How Is The Market?
This is the evergreen question, isn’t it? The answer completely depends on who is asking it. Why? Because each person thinks of the Real Estate market differently.
First-time buyers are thinking of one-bedroom apartments; empty nesters, another; homeowners are thinking about their own property or what they may be trying to upgrade to in the next 12-24 months; investors are thinking about opportunities at this moment in the market cycle. In a nutshell, it’s a personal question- and demands a personalized answer.
The market not a monolith. The articles that will start coming out next week about Q3 2022 will include a lot of nuance, much of which will be missed. And worse, there is a risk that you may draw the wrong conclusion from a data point that doesn’t apply to the segment of the market you’re worried about. So let’s tackle a few segments of the market, what’s affecting them, and give you a framework to look at those reports that will be out next week:
Small Apartments (Studios and One-Bedrooms)
This is the sub $1mm market. Mortgage rates are impacting this segment more than any other, even in New York City. Be careful- if the loan you seek is below the current conforming limit of $647,200, your mortgage rate is going to be much higher than that of a “jumbo loan.” Ah, the irony! The first-time buyers, who are more likely to need a loan than any other segment of New York buyers, face the steepest rates. Is it fair? Will private lenders step into this segment? I would think this is the riskiest traunch of loans for banks to consider, and the most likely to be left untouched by non-GSEs (Government-sponsored entities). Fannie Mae will remain the main lender here.
What will be the impact? Small apartments will see a significant slowdown. They already are. ALERT! If you’re a cash buyer- there is a LOT of opportunity in this segment. If you have access to the Bank of Mom and Dad- that is, family help to purchase- it may be a good time to get out there, too.
Medium Apartments (Larger One-Bedroom Units to Small Three Bedrooms)
This is a tricky part of the market. Developers are not building anything new in this segment whatsoever. So in the long-run, these properties will continue to appreciate. These are bread and butter properties that are usually in cooperative buildings. Right now, these are the in-demand units that many buyers want and need. Priced in the $1-2.5mm range. Pied-a-terre buyers, empty nesters selling in the suburbs and moving in, families- though fair housing laws would dictate that we pretend we don’t know to whom we are marketing. Because the demand is so high in this segment, and inventory remains relatively low, values will hold up better here- and competition will remain pretty strong. Even if rates have risen- and buyers’ assets have been hit by stock market issues- this is “need to have” segment that should fair better through tougher weather.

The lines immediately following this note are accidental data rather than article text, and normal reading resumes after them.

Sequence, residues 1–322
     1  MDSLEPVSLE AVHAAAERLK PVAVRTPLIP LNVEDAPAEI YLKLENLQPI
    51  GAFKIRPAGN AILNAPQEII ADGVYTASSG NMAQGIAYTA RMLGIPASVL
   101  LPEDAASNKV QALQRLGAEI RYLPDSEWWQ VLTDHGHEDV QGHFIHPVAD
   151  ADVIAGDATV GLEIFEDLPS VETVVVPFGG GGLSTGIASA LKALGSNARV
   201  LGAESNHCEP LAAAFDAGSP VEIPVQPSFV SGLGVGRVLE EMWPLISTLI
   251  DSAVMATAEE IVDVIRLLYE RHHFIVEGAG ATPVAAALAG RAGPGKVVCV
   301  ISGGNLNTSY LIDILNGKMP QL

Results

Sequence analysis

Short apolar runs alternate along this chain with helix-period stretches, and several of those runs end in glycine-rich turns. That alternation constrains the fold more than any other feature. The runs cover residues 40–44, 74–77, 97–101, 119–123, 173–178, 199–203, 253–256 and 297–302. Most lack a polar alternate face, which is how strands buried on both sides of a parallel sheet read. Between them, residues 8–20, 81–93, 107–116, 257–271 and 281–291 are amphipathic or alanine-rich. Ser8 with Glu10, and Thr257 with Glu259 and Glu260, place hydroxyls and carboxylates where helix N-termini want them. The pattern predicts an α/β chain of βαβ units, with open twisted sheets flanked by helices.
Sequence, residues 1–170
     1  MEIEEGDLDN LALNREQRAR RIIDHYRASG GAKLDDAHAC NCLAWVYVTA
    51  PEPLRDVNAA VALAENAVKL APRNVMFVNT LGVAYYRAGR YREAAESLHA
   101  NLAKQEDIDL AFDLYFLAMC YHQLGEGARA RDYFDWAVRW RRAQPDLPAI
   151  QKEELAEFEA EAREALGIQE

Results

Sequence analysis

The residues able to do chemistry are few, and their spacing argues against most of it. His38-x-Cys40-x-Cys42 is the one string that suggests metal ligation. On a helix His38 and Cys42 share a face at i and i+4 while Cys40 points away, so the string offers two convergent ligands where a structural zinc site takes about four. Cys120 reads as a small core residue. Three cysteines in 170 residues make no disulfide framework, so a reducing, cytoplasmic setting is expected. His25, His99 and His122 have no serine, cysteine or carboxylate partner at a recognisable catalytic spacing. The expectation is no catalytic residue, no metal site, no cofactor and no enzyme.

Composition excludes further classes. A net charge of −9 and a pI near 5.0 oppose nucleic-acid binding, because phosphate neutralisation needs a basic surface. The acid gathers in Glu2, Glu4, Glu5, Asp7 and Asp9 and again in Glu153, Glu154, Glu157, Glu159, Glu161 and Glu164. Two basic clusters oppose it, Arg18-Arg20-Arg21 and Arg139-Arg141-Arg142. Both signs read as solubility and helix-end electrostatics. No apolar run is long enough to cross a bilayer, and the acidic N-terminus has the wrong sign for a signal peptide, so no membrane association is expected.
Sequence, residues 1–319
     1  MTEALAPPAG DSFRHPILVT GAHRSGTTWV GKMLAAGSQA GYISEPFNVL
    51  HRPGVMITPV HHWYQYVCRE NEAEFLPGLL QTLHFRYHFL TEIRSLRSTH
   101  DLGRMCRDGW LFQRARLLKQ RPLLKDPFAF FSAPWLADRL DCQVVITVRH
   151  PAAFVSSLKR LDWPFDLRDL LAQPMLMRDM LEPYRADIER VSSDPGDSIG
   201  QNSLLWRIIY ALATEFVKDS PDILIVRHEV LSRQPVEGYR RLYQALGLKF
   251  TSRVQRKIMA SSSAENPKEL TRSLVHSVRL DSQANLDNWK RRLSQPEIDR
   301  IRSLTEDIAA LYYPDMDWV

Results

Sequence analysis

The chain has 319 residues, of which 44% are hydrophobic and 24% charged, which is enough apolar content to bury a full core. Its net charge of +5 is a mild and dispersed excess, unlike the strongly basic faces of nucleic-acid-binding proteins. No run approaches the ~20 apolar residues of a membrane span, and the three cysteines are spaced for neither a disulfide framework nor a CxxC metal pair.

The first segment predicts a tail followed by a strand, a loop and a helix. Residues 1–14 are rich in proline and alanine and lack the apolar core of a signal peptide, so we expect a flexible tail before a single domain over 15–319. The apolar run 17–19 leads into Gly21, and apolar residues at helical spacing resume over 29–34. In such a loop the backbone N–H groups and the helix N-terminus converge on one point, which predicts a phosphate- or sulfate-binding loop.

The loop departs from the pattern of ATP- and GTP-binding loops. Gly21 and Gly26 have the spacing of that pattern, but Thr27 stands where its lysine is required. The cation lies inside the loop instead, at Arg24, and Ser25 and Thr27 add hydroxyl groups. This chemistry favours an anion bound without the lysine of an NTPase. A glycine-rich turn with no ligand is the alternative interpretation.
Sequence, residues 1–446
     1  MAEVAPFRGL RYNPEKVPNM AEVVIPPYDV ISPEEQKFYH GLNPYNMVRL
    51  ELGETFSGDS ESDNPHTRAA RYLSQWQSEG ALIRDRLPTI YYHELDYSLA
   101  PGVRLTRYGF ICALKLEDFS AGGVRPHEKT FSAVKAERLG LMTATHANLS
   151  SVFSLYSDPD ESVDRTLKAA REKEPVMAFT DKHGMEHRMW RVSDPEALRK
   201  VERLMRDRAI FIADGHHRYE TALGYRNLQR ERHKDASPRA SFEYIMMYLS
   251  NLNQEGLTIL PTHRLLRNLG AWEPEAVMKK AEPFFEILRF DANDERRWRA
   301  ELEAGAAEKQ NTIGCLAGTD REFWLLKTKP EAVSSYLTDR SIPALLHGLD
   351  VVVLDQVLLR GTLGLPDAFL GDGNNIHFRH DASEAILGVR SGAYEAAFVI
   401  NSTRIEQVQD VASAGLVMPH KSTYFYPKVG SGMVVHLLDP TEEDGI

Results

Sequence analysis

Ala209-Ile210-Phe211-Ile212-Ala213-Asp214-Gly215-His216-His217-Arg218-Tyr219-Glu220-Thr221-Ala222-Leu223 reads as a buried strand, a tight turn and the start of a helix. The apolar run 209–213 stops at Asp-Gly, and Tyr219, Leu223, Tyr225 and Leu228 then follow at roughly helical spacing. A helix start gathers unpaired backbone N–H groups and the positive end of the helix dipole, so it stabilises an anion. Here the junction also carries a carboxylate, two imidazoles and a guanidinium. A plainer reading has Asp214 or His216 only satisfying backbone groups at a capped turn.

I expect that renovated units in this segment with realistic sellers will sell their homes relatively quickly, though at a slower pace than in 2021 But all is not lost. ALERT!– Sellers, take note and get your apartments on the market now. And be careful with pricing. We’re still hovering around 2019 levels.
Larger Apartments (Three-to-Five Bedroom Units)
This WSJ article does a remarkable job of summing up the mindset of sellers in this segment. They have a big house or apartment that they’d like to sell. The market in the suburbs has softened, because a higher percentage of buyers rely on mortgages – and they can’t offload their homes. Or, alternatively, they are paralyzed, because the mortgage rate at which sellers are currently borrowing- below 3%, say- will double if they sell their home and buy a new one. Therefore, unless they are not taking a mortgage on a new, smaller home, the financing cost of the new place may be the same or higher than the old, larger home! You can see why, then, sellers in this boat are not flooding the market with inventory. Other well-capitalized sellers are taking a wait-and-see approach. This segment of the market isn’t frozen, but it’s relatively small.
The combination means that buyers don’t have much to choose from in New York City. Well-priced, renovated homes will be well-received. But sellers will be harder to find, and buyers should not be shocked at competition for good apartments. Overpriced homes will sit longer. ALERT! The opportunity is here NOW for all-cash buyers, buyers ready to do work, and those who believe, AS I DO, that mortgage rates will go down in early 2023. Lock in a great place at a great price right now. And make aggressive offers.
Luxury Apartments (New Development and $10mm+)
These are buyers, generally, who are more immune to a bear market in stocks. And these are buyers who made a lot of money in the past 2-3 years. This is a WANT-to-have, not a NEED-to-have. Unfortunately, there are fewer New Development units available today than buyers expected. Worse, the pipeline for what will be available in the short- and medium-term is rapidly shrinking. Developers of current projects have reached 50%-90% thresholds for their projects. Therefore, those who are searching in this segment may be a little disappointed either (1) not to find a lot of varied options for what they want, or (2) pricing a bit higher than they hoped.
While waiting has paid off many times for patient buyers, I don’t expect patience to be a virtue in this segment of the market today. There may not be much to replace what sells in the next 6-12 months. ALERT– You have to know what questions to ask to get the best deal possible in this segment- but don’t expect massive discounts. Bring in a broker and bid accordingly! New York is still amazing. And it’s getting better all the time. Don’t you want to enjoy it?